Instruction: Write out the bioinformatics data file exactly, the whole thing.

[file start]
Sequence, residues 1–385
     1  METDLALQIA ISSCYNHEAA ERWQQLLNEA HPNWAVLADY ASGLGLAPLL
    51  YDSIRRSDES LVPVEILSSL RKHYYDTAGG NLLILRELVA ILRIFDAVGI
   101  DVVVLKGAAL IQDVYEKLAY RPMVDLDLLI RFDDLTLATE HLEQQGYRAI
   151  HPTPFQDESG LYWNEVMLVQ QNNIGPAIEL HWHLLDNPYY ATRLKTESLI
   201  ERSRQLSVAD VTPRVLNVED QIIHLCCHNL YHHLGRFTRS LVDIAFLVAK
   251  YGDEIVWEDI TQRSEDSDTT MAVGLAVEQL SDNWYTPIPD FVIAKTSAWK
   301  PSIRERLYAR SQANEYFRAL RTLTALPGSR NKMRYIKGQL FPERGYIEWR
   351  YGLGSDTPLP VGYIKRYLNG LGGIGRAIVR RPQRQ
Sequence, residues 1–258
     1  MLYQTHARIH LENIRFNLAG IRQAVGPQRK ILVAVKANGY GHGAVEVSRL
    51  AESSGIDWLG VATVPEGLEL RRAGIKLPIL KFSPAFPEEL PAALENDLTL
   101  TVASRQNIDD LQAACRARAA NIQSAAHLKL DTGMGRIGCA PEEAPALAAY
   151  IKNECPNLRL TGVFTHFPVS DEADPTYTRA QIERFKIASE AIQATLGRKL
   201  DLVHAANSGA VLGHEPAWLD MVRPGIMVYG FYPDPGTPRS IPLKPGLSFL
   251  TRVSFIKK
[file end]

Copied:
Sequence, residues 1–385
     1  METDLALQIA ISSCYNHEAA ERWQQLLNEA HPNWAVLADY ASGLGLAPLL
    51  YDSIRRSDES LVPVEILSSL RKHYYDTAGG NLLILRELVA ILRIFDAVGI
   101  DVVVLKGAAL IQDVYEKLAY RPMVDLDLLI RFDDLTLATE HLEQQGYRAI
   151  HPTPFQDESG LYWNEVMLVQ QNNIGPAIEL HWHLLDNPYY ATRLKTESLI
   201  ERSRQLSVAD VTPRVLNVED QIIHLCCHNL YHHLGRFTRS LVDIAFLVAK
   251  YGDEIVWEDI TQRSEDSDTT MAVGLAVEQL SDNWYTPIPD FVIAKTSAWK
   301  PSIRERLYAR SQANEYFRAL RTLTALPGSR NKMRYIKGQL FPERGYIEWR
   351  YGLGSDTPLP VGYIKRYLNG LGGIGRAIVR RPQRQ
Sequence, residues 1–258
     1  MLYQTHARIH LENIRFNLAG IRQAVGPQRK ILVAVKANGY GHGAVEVSRL
    51  AESSGIDWLG VATVPEGLEL RRAGIKLPIL KFSPAFPEEL PAALENDLTL
   101  TVASRQNIDD LQAACRARAA NIQSAAHLKL DTGMGRIGCA PEEAPALAAY
   151  IKNECPNLRL TGVFTHFPVS DEADPTYTRA QIERFKIASE AIQATLGRKL
   201  DLVHAANSGA VLGHEPAWLD MVRPGIMVYG FYPDPGTPRS IPLKPGLSFL
   251  TRVSFIKK